Is your menstrual cycle out of balance?
We’ve discussed what a healthy cycle looks like, but what about when it isn’t healthy? The following signs and symptoms signal that your hormones need some help.
Whilst having pre-menstrual tension, mood swings, aching boobs, food cravings, and generally feeling like an up and down yo-yo are portrayed as normal in our media, they certainly are not something you need to put up with on a monthly basis.
In fact, the following things are NOT part of a healthy cycle:
- Blood clots
- Heavy blood loss – 80ml or more
- Light blood loss – 25ml or less
- Cramping and pain
- Tender breasts
- Sore, aching back or muscles
- Migraines, headaches
- Dark or brown blood
- Spotting during the cycle
These all signal some kind of hormonal or nutritional imbalance, and they each can have different causes.
Here is a brief look at some of the most common causes of hormonal imbalances.
What causes hormonal imbalance?
Liver – oestrogen, one of our main female hormones, gets metabolised and detoxified in the liver. If the liver isn’t at optimal function, it can’t excrete excess hormones. This can allow oestrogen to be recycled back into the body’s circulation, which can contribute to some of the above symptoms.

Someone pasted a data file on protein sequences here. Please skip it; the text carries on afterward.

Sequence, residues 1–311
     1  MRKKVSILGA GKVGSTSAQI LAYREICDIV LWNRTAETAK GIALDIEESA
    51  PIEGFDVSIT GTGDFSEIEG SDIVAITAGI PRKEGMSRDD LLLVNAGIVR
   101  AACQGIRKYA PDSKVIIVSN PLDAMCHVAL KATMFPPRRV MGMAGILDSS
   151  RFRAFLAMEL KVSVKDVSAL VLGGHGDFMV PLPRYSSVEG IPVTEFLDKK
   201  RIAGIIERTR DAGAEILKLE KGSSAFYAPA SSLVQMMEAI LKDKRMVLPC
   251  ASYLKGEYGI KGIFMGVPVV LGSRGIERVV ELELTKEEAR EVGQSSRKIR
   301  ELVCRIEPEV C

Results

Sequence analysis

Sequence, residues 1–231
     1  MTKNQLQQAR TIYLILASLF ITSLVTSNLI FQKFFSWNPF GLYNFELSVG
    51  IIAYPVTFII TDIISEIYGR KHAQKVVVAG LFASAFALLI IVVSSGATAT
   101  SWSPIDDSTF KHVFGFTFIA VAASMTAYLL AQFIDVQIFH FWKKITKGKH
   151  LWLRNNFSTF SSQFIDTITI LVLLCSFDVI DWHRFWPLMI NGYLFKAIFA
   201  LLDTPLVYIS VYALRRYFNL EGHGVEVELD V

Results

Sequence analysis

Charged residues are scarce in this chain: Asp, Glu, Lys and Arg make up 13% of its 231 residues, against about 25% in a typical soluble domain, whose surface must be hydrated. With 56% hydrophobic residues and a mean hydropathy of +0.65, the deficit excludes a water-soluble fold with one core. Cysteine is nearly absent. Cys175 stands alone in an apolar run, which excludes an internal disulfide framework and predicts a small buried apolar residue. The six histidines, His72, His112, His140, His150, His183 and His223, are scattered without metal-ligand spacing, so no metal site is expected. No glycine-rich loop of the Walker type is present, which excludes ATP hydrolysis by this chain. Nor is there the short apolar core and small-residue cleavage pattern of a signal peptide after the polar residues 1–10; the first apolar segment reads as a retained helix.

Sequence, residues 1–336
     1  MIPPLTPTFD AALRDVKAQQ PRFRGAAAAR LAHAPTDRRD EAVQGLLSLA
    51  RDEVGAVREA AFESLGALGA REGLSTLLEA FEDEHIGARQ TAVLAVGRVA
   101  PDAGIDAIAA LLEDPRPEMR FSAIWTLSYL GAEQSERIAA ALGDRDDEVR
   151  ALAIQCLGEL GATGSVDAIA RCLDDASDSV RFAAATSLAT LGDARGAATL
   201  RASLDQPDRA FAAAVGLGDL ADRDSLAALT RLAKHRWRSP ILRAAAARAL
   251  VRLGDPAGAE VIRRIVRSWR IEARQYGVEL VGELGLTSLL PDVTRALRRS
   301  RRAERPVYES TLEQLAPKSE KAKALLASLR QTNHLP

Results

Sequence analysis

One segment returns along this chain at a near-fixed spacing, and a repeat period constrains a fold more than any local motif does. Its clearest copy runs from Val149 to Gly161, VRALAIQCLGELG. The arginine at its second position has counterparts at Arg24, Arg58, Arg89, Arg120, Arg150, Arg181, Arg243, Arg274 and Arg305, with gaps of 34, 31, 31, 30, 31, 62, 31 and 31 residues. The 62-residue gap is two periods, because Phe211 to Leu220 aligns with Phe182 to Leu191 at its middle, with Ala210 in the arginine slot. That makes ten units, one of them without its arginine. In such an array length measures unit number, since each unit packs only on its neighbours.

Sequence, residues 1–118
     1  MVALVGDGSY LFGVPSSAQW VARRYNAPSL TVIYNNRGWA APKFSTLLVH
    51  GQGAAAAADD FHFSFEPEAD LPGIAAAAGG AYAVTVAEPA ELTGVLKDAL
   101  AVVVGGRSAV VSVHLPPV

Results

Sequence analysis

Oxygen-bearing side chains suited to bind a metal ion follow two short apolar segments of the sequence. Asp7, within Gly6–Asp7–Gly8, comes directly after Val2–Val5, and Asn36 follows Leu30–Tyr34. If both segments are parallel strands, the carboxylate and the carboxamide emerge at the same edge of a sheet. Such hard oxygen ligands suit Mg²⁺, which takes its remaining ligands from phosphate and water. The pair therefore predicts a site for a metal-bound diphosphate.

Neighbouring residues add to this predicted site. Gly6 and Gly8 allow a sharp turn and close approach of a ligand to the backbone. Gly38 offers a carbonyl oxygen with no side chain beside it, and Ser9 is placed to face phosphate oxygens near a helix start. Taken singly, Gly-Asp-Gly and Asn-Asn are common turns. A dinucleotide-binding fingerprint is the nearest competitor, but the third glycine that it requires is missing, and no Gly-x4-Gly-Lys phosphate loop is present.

Chronic stress is another major cause of hormone imbalance. Our main stress hormone cortisol is produced in excess when we are constantly feeling stressed. This allows our adrenal glands to ‘steal progesterone’ from other places where it is needed in the body, and then use it to make extra cortisol. A lack of progesterone can cause many of the above symptoms, including painful periods, mood swings and infertility.
Some other causes of hormone imbalance include an imbalance of healthy gut bacteria, excessive caffeine consumption, under functioning thyroid, an inflammatory diet and more. We look forward to covering these topics in more detail in future blogs.
If this article resonates with you and you would like to get your period or menstrual cycle symptoms under control, you can book in to see me here.